This is what happens when the contents of my address book converge: articulate pedants clash horns with highly-numerate engineers, with the philosophical questions answered by a classic Aussie.


From: Mairead Doyle
Sent: Thursday, July 19, 2007 3:27 PM
Subject: The Eco-Friendly Google

For those worried with energy consumption and all its downsides:

When your screen is white, be it an empty word page, or the Google page, your computer consumes 74 watts, and when it’s black it consumes only 59 watts. Mark Ontkush wrote an article about the energy saving that would be achieved if Google had a black screen, taking into account the huge number of page views. According to his calculations, 750 mega watts/hour per year would be saved.

In a response to this article Heap Media in Sydney created a black version of the Google search engine, called Blackle, with the exact same functions as the white version, but with lower energy consumption. Regardless of whether the above is true, I think it looks good. Check it out.


From: Manu Pillai
Sent: 19 July 2007 23:55
Subject: RE: The Eco-Friendly Google

Use laptops; half the power.



From: Nick Lawrance
Sent: 20 July 2007 09:29
Subject: RE: The Eco-Friendly Google

Oooh I like that. It’s as if Michael Mann has created his own search engine.

And once I’d turned on all the lights in the office I found it wasn’t that spooky to use at all!

Anyway, for those of us who “studied” in arts faculties: what does 750 mega watts/hours per year actually mean?

(In layman’s terms please, either

1.       relating it to the number of cups of tea/rounds of toast I could make with a “750 mega watts/hours per year” sized bucket of, er, magic silent power juice, or

2.       something relating to an area the size of Wales.



From: Joe Dalton
Sent: 20 July 2007 12:31
Subject: RE: The Eco-Friendly Google

As one in the business, I guess I’d better answer this one… 

750,000,000Watts/Hour = 2,700,000,000,000,000 Joules of electricity. 

One cup (assume 200ml of “liquid”)  takes 68,650.4 Joules of electricity…. (heating water from an assumed 18C (room temperature) to 100C and then immediately switching off….).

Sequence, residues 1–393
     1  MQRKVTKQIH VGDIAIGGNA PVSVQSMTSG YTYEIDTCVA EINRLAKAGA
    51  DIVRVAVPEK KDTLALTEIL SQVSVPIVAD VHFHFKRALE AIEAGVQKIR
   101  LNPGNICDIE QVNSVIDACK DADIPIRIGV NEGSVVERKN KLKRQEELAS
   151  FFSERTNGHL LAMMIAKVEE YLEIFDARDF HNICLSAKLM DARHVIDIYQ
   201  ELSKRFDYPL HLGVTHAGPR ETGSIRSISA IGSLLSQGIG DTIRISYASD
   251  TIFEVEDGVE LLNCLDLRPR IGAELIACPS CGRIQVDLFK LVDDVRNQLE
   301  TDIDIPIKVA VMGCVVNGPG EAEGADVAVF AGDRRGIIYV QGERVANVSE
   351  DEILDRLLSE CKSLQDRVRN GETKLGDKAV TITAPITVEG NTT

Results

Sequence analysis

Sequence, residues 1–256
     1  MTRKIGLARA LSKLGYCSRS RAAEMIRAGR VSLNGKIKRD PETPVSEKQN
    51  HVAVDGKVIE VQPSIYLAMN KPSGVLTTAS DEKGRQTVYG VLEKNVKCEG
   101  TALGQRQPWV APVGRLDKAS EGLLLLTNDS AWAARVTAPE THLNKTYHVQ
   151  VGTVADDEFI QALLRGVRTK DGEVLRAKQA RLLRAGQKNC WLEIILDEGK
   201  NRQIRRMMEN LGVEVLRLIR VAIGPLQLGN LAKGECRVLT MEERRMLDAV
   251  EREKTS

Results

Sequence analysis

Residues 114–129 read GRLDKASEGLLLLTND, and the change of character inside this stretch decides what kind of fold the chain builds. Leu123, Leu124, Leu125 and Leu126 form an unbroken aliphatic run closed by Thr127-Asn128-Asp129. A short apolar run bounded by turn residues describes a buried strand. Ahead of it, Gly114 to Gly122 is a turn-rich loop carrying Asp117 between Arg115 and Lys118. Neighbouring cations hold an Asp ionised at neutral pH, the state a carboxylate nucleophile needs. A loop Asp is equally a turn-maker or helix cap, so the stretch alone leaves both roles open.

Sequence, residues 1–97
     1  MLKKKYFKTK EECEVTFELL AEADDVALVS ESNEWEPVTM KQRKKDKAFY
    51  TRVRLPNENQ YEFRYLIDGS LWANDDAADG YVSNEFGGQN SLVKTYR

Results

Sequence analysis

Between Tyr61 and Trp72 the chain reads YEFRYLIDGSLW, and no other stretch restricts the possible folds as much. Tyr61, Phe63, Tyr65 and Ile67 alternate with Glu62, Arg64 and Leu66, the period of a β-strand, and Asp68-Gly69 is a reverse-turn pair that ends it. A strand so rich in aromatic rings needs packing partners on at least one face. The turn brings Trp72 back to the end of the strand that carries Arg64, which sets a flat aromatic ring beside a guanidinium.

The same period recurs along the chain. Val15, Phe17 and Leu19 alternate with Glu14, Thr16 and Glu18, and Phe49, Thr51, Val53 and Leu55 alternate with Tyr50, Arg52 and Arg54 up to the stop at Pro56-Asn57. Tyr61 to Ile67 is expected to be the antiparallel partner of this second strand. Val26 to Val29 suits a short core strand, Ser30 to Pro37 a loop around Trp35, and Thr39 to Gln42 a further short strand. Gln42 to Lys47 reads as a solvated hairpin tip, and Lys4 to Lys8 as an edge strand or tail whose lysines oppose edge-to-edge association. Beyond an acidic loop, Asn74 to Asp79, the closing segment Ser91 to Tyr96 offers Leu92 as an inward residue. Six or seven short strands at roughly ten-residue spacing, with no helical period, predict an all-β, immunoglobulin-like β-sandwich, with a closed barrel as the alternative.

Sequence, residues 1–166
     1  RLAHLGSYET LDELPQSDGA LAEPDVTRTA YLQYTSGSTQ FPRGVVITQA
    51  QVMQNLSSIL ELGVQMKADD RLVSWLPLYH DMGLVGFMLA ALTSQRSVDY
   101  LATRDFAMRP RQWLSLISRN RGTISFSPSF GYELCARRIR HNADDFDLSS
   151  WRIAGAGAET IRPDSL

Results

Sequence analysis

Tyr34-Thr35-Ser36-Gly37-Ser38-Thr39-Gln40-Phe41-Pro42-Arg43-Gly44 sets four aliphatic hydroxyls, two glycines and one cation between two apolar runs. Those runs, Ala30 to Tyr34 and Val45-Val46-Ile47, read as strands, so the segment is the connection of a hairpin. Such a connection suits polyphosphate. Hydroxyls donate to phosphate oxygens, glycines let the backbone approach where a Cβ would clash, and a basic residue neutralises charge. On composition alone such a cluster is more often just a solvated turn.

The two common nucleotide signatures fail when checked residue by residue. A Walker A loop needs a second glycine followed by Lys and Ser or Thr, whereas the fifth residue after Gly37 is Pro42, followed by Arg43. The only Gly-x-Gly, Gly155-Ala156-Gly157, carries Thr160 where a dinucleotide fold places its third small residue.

This corresponds to 39,329,705 cups of tea (approximately)….

Naturally, this f*****g number would go down in Ireland at the moment (as it’s bleeding freezing here right now). And anyway, why not use the water to make Guinness? That would be way more eco friendly!

(Please note that the amount of energy consumed to produce the electricity to heat the water is 2.6 times (approx) 750MWhr’s, at an assumed conversion rate of 38%)

From: Nick Lawrance
Sent: 20 July 2007 12:42
Subject: RE: The Eco-Friendly Google

Thanks for the science Joe. Much appreciated.

But 40 million cups is too massive a figure for my brain to really comprehend. (If I’d known it was so vast a number I would have chosen a more useful unit of measurement.)


Does anyone know how many Olympic-sized swimming pools this equates to?



From: Brian Costello
Sent: 20 July 2007 13:52
Subject: RE: The Eco-Friendly Google

12,356.82 approximately.



From: Beal Richard
Sent: 20 July 2007 14:35
Subject: RE: The Eco-Friendly Google

How much energy has been used up answering Nick’s questions?

(just joshin’!)



From: Joe Dalton
Sent: 20 July 2007 15:02
Subject: RE: The Eco-Friendly Google

Don’t know…. But if the pool was filled with Tea at boiling point it might make setting any long distance world record a bit difficult… but you would start off at a scalding rate…. 



From: Nick Lawrance
Sent: Saturday, 21 July 2007 12:06 AM
Subject: RE: The Eco-Friendly Google

Would the winner be presented with a trophy?

Or an urn?



From: Evans, Sam
Subject: RE: The Eco-Friendly Google
Date: Mon, 23 Jul 2007 10:03:47 +1000

Forget about tea. That’s for poms in cold climates. Here in Oz we’d rather equate it to more appealing currency such as crates of Foster’s Lager. It converts to 6,350 crates of cold fresh beer. That’s a mighty strong case for change.


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